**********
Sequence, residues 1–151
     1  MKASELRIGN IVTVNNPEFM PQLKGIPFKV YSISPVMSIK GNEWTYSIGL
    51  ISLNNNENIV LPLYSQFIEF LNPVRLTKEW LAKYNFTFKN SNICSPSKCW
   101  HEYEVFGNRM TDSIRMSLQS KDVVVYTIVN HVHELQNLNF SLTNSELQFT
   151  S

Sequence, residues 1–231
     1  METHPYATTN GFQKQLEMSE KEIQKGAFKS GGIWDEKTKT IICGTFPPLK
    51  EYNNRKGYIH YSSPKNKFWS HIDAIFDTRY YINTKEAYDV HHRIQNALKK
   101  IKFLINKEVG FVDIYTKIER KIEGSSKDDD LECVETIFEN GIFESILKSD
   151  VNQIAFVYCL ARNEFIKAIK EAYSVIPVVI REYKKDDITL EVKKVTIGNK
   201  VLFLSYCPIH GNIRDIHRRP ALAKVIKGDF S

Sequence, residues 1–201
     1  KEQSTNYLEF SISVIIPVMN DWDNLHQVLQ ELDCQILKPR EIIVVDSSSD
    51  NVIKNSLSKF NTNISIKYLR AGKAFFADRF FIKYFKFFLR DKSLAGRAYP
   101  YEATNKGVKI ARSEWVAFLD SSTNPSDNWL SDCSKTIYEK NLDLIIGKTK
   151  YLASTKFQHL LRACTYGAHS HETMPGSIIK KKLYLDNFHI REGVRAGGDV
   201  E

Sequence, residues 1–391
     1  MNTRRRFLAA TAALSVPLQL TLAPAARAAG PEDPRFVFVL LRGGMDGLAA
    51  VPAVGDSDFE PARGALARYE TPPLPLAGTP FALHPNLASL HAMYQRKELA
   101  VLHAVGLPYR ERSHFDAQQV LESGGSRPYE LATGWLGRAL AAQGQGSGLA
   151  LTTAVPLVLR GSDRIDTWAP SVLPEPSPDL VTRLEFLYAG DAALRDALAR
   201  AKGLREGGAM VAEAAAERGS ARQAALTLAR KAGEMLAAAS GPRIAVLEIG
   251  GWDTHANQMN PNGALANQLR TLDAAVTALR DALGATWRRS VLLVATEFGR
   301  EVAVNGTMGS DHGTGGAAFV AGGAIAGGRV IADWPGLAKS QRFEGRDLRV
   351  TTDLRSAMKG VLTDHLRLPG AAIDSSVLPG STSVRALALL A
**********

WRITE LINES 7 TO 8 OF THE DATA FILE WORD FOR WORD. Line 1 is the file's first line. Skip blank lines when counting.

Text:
     1  METHPYATTN GFQKQLEMSE KEIQKGAFKS GGIWDEKTKT IICGTFPPLK
    51  EYNNRKGYIH YSSPKNKFWS HIDAIFDTRY YINTKEAYDV HHRIQNALKK